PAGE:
Due to some differences of opinion that emerged during the US tour, drummer Suck quit the band and they started looking for a replacement. Sammy’s baseball friend Shoe filled in and ended up becoming the permanent drummer. Shoe was the last element that turned Teengenerate into the raging speedball of garage/punk that it was. His simple but fast and ferocious drumming (‘It’s all I can play,’ he always said) pushed the band’s pace into the recklessly high-speed region inhabited by bands like the New Bomb Turks.
The garage scene at that time was really wide-ranging, everything from 50s or 60s type rock and roll, to surf, punk rock, power pop and scum rock. It was all called ‘garage.’ Teengenerate could hang in the garage, punk rock or hardcore scene, or to put it another way, they had a style that had points of contact with all of these genres.
If you could sum up the 90s garage punk scene with one word, it would be ‘raw.’ The word started to show up in Japan in places like Sekuguchi’s writing in Doll Magazine. At first, they used the word seikou (crude, unpolished). Another word that began appearing to describe the sound was lo-fi, not to be confused with the lo-fi movement in indie rock, which was also going on at the time.
With their raw and course sound, Teengenerate fit both of those terms – raw and lo-fi. That’s why they fit so well into the 90s garage scene. Nobody really put all of this together until Eric Davidson’s book We Never Learn, which tells the story of 90s garage. I highly recommend it and Teengenerate makes an appearance in one chapter.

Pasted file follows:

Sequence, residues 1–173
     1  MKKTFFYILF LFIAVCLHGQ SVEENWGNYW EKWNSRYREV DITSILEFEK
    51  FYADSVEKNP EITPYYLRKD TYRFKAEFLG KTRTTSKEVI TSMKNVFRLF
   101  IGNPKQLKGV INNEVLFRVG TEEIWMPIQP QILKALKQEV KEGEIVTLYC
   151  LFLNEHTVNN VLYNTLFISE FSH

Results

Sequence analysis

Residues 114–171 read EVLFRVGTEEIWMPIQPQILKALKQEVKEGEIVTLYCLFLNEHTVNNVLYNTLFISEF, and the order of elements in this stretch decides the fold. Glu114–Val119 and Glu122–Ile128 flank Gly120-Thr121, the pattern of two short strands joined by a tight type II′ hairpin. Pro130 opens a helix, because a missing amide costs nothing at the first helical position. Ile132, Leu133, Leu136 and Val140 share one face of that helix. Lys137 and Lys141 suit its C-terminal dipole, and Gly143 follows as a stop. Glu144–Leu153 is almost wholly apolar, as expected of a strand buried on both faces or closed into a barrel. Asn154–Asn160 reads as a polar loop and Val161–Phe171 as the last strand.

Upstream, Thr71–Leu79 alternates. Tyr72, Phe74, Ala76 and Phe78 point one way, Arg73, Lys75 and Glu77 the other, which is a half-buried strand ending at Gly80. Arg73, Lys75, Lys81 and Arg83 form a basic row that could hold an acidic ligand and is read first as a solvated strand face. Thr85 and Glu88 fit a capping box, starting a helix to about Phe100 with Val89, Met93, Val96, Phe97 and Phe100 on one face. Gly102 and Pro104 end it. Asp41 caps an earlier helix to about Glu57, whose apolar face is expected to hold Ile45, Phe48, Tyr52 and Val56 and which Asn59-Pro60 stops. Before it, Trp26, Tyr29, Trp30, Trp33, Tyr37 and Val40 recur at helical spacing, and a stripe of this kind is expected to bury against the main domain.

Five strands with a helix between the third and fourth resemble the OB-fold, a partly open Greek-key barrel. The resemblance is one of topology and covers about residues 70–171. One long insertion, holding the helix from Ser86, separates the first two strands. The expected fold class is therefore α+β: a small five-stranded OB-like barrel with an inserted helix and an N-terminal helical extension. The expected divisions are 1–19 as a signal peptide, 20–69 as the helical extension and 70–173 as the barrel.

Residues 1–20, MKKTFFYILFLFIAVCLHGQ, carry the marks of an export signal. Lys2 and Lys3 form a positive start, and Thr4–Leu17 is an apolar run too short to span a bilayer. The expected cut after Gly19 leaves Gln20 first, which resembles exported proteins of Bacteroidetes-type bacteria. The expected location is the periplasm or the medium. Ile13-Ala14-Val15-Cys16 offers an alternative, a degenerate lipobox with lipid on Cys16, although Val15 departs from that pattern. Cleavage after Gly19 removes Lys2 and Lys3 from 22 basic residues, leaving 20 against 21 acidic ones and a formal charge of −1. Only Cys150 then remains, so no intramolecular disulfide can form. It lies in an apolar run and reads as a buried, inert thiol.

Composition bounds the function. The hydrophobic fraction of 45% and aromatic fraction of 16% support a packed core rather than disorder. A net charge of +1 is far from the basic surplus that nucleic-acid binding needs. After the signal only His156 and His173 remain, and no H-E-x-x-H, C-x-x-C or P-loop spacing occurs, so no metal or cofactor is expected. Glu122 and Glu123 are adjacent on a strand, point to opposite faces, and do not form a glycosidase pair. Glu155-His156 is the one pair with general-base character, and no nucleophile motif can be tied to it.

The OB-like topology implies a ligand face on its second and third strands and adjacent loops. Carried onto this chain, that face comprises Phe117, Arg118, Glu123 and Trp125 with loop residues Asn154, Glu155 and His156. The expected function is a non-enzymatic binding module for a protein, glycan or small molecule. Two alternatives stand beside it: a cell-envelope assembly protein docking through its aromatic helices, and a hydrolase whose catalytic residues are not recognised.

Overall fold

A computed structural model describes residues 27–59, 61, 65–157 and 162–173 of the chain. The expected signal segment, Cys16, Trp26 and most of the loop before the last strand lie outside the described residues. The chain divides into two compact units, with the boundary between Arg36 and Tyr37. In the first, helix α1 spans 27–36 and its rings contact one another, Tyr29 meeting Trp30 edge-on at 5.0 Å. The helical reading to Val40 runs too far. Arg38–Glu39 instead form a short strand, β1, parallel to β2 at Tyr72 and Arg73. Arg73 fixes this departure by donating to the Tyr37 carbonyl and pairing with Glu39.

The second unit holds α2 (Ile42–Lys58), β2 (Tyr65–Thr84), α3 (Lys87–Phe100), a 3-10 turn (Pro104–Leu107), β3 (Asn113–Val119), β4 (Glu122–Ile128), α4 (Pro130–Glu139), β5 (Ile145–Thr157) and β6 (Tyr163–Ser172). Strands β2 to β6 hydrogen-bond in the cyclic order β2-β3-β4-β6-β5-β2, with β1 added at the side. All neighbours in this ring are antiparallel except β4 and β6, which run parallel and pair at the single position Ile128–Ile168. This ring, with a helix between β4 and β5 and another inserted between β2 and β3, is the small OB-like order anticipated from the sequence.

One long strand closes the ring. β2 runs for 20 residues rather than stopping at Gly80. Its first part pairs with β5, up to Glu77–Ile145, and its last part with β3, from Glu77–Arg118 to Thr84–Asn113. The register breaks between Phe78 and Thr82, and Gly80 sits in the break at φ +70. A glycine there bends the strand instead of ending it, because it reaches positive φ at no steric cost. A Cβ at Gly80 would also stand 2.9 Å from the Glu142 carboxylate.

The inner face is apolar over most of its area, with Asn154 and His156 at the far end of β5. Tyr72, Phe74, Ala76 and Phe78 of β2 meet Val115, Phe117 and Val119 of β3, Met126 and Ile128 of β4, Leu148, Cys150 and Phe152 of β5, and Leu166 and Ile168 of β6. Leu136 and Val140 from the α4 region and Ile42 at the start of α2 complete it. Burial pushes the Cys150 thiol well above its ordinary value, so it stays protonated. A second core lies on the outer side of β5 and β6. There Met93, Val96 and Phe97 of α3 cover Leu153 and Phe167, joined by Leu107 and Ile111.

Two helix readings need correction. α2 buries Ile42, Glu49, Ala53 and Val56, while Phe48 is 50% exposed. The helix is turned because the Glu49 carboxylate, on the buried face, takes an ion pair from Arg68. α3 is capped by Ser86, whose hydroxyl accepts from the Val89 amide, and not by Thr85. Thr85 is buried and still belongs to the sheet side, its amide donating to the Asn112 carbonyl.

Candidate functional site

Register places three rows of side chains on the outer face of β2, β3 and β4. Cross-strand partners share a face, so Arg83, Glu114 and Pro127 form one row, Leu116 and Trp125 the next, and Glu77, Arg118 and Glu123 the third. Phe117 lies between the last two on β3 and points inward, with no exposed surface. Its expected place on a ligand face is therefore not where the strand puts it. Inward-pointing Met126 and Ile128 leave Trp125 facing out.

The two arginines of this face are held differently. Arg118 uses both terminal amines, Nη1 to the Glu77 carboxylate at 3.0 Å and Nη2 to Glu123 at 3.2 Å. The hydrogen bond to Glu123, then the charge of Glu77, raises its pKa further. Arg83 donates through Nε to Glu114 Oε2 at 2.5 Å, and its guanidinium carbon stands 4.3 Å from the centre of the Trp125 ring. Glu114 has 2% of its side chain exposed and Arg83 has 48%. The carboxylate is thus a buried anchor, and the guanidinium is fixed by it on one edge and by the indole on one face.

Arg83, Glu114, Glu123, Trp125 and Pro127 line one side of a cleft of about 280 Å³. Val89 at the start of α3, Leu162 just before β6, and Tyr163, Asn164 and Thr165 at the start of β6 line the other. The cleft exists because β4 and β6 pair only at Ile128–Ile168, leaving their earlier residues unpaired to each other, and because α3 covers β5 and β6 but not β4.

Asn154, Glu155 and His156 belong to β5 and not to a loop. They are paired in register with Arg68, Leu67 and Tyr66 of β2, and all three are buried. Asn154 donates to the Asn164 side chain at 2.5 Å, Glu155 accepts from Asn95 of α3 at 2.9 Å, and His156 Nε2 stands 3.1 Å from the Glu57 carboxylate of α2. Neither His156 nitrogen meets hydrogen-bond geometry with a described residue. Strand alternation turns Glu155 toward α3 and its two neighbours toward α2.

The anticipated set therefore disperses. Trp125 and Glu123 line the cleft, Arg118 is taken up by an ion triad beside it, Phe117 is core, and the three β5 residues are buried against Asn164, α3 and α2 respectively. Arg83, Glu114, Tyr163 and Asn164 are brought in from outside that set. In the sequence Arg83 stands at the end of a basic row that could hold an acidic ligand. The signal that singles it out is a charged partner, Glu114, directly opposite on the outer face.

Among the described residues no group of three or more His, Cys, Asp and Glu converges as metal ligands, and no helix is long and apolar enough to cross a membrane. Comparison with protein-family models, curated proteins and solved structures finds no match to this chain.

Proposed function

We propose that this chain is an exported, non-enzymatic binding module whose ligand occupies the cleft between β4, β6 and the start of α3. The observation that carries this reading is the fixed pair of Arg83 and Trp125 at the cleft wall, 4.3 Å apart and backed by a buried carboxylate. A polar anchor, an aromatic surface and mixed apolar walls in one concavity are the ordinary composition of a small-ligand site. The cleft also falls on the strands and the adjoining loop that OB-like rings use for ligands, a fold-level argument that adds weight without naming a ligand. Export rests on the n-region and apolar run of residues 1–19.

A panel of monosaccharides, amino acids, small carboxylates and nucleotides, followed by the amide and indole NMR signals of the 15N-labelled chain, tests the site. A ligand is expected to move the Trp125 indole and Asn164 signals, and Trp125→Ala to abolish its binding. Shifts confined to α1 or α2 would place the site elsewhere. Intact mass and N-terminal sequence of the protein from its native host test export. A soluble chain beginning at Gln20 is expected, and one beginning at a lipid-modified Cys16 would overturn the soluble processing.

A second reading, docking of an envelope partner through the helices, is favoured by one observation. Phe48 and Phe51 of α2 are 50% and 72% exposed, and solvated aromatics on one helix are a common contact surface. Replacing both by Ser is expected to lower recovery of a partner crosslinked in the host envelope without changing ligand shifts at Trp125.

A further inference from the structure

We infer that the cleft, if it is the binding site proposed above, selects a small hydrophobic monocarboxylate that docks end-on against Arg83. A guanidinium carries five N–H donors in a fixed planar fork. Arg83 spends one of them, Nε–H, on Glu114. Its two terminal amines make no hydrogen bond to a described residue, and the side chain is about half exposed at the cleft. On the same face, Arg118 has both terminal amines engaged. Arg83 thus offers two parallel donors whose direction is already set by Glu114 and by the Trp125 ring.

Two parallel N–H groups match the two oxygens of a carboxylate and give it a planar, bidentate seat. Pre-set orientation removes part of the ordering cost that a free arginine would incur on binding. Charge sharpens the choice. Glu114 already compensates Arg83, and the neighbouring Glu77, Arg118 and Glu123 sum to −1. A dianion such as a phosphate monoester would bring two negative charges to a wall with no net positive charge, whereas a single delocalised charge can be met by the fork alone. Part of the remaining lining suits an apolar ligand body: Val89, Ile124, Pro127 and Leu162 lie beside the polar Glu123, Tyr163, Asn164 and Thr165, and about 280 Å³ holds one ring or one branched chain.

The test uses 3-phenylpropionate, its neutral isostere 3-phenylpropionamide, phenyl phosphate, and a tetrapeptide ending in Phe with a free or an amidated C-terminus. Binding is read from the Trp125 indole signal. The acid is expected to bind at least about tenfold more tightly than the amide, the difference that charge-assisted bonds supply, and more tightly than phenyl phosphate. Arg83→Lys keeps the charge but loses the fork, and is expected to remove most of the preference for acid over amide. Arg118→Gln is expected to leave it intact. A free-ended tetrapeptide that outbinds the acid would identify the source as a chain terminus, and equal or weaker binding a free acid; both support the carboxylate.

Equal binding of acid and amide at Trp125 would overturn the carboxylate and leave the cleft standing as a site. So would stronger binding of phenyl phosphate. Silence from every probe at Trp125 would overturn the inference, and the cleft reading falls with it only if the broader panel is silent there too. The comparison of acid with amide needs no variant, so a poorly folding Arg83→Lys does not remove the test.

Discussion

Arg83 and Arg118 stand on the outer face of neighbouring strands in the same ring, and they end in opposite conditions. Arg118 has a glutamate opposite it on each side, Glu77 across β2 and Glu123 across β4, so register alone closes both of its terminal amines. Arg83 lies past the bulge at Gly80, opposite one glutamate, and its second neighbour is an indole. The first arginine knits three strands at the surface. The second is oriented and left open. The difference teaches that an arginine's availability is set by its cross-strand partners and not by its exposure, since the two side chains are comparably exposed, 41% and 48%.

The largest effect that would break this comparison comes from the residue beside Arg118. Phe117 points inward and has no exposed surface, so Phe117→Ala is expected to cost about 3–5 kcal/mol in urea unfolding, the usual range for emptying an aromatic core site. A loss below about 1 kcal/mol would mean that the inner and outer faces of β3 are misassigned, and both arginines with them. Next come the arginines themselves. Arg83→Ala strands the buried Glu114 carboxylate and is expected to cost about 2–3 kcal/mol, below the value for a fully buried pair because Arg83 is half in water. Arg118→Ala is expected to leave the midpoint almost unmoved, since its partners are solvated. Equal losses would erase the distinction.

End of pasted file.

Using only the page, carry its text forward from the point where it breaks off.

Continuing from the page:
Teengenerate never felt like they belonged in the Tokyo scene. But during the time when American Soul Spiders were playing, there were some people who started to gravitate toward them. These were people like rock writer Hiroshi Sekiguchi and Mangrove Label’s Iijima and Kobayashi. A scene started to form around event organizer Daddy-O-Nov, with bands like Guitar Wolf, the 5,6,7,8’s, Jackie & the Cedrics and Texaco Leatherman. Also through Samantha’s Favorite, Teengenerate connected with melodic hardcore bands like Slimefisher and flagship melodic hardcore label Snuffy Smile, which would become part of the K.O.G.A. Records scene.
This is around the time that I met Teengenerate. Everything was all jumbled and chaotic, but a scene was starting to emerge. It was really different from Japanese punk up until that time. Kids in Japan had always known about what was going on overseas, but they just imported it. This wasn’t just Japanese kids importing stuff from overseas. It was like both sides were influencing each other. We were all part of this generation, regardless of where we were.